We are on a diet. Back in 2014, we had 10 WHMCS modules actively developed. Today we maintain 3 modules. If you ask us where did the other 7 go, in one way or another they merged with Billing Extension, Mercury and Commission Manager.
This was one of toughest and most important decisions we made. Transitioning from many small modules to few big ones, has been a costly and difficult process for three reasons.
First. Every time we merge modules, we lose money. Let's say you had 3 modules that merged into 1. That's good for you. Now your bill is 1/3 of the original cost. Over the years, this happened hundreds of time.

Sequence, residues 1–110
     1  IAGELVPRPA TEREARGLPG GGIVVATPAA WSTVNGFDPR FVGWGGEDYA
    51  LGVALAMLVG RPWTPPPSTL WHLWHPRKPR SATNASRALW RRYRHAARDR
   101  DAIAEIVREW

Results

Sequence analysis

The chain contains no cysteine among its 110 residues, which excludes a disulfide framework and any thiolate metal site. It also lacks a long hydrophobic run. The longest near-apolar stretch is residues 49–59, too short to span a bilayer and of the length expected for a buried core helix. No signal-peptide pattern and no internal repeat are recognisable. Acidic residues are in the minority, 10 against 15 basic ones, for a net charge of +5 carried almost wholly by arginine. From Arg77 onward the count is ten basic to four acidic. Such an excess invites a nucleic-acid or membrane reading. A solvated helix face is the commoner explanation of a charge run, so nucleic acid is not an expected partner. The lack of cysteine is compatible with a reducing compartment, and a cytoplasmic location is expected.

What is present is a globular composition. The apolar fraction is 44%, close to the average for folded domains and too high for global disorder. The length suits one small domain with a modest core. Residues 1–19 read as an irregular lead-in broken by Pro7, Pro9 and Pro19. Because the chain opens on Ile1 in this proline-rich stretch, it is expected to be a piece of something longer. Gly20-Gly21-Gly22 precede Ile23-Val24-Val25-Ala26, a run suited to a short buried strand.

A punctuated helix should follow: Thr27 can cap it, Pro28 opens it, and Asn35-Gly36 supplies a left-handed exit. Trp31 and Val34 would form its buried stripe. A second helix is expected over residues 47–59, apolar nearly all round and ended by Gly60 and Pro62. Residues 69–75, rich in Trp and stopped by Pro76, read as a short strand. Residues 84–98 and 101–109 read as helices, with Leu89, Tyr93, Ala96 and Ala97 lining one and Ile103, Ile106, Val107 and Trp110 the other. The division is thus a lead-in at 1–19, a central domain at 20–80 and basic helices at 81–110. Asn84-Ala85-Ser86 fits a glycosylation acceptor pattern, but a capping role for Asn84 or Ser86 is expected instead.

Second. Selling 10 modules is way more profitable than selling just 3. Small and inexpensive softwares are easier to sell. The very fact that they're cheap is a selling point. Moreover they don't require much of documentation and marketing material.
Third. Maintaining big softwares automatically raises the bar. Long story short, we had to create an extensive framework used for all modules. The entire process took 2 years to complete. Half a year for the framework and the rest for modules' refactoring.
As you can imagine, we're not going to throw everything away just because some people want a small slice of a module.
It would be like asking Tesla «I don't need the whole car but just the engine». Meeting this need is not worth the effort. Not only it is impractical but deviates from the main project. We want to keep solving problems by improving our modules. Fragmenting them into multiple parts adds no value.